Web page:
'So Im Jo's frontman, Glen Cassidy provided the basic guts of the song, little more than a multi-tracked vocal/guitar piece about feeling locked in to one's destiny with no hope of becoming anything other than yet another featureless corporate clone. I layered more and more electronics over it, while attempting to retain the soul and alternative feel of the originally conveyed sonic moodboard. The final result is really nice, but quite unusual.

Originally conceived as a vocal track, 'Unfurl' loosely evolved from the Indonesian 'Wayang' shadow puppet theatre, only with characters of my own invention and a story featuring a giant golden idol that was to be protected from a horde of bandits - the leader of which was a demigod with huge-virus-laden wings… Weird. You can still hear the Indonesian influences [chanting/gamelan/anklung] and other instrumentation in the track but there's not a great deal of it left.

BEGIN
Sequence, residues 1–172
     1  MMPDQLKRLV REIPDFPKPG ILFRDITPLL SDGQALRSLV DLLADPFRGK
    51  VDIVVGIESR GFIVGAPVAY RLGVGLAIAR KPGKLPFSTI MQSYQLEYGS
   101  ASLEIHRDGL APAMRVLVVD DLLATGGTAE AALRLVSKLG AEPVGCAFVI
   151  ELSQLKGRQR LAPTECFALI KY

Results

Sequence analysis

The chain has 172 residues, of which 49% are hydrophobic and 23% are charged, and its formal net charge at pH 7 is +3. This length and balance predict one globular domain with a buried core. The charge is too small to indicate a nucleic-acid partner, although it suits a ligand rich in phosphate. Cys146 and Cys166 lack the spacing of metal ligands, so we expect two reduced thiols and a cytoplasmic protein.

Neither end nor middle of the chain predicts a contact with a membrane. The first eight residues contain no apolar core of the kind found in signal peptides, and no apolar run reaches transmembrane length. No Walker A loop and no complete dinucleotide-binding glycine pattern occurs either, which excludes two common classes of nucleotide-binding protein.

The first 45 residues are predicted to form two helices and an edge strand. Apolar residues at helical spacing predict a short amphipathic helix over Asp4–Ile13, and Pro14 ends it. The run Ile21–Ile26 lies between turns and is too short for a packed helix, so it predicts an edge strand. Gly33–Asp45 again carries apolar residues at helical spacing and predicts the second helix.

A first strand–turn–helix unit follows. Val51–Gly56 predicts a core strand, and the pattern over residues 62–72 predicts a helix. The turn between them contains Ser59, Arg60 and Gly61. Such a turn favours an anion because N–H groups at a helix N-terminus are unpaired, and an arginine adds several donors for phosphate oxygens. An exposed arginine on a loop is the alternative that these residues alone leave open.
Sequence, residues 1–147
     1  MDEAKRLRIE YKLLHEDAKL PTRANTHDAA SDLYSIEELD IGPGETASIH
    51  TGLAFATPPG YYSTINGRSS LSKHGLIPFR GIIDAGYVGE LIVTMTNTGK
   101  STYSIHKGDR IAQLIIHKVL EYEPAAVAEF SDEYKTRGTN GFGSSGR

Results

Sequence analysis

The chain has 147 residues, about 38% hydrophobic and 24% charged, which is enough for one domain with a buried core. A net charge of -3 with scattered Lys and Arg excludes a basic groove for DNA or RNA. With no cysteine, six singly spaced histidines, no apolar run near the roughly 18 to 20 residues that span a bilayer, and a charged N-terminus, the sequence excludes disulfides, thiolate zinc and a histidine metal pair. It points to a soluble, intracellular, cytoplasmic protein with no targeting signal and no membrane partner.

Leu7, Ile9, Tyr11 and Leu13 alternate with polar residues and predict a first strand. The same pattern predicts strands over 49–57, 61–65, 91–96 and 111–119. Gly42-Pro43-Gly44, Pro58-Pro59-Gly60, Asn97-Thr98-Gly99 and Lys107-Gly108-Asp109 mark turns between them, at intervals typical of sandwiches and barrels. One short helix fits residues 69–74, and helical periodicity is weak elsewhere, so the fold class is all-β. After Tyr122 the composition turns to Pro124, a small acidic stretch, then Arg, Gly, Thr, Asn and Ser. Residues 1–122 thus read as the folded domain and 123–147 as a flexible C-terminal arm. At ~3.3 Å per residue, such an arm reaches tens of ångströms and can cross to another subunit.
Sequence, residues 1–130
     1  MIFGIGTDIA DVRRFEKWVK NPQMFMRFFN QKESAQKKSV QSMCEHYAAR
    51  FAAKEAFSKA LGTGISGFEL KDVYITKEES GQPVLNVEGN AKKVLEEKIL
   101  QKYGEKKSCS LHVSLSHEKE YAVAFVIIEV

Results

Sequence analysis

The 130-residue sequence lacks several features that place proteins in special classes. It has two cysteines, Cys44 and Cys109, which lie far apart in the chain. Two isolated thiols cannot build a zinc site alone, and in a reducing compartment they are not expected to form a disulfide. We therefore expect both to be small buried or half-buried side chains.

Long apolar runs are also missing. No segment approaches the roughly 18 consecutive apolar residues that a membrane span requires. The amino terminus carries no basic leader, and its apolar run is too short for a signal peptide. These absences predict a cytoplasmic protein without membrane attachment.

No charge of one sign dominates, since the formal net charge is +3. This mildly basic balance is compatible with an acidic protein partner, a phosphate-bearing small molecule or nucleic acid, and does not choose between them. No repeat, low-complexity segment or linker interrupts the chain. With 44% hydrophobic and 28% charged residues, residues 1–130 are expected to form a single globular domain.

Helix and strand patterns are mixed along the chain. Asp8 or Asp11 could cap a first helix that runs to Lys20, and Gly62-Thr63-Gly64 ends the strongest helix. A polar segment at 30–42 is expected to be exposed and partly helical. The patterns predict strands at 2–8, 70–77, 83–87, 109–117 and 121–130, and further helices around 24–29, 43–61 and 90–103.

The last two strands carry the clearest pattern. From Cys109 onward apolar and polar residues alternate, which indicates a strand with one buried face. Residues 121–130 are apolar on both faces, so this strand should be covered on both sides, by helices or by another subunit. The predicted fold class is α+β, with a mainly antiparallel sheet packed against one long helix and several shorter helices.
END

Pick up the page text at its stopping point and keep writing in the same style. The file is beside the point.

I wanted to do something very small and tightly controlled that recalled the music of Kraftwerk and with the idea of taking something very biologically intimate like sex and making it coldly digital and removed from the world of human senses. The track kept getting bigger in the same way that a cell divides and the end result is both crisply electronic yet, oddly wet sounding and awash in ethereal elements that make you feel like a new lifeform has indeed grown from the odd pairing of two ordinary organic beings becoming one incredible synthetic one.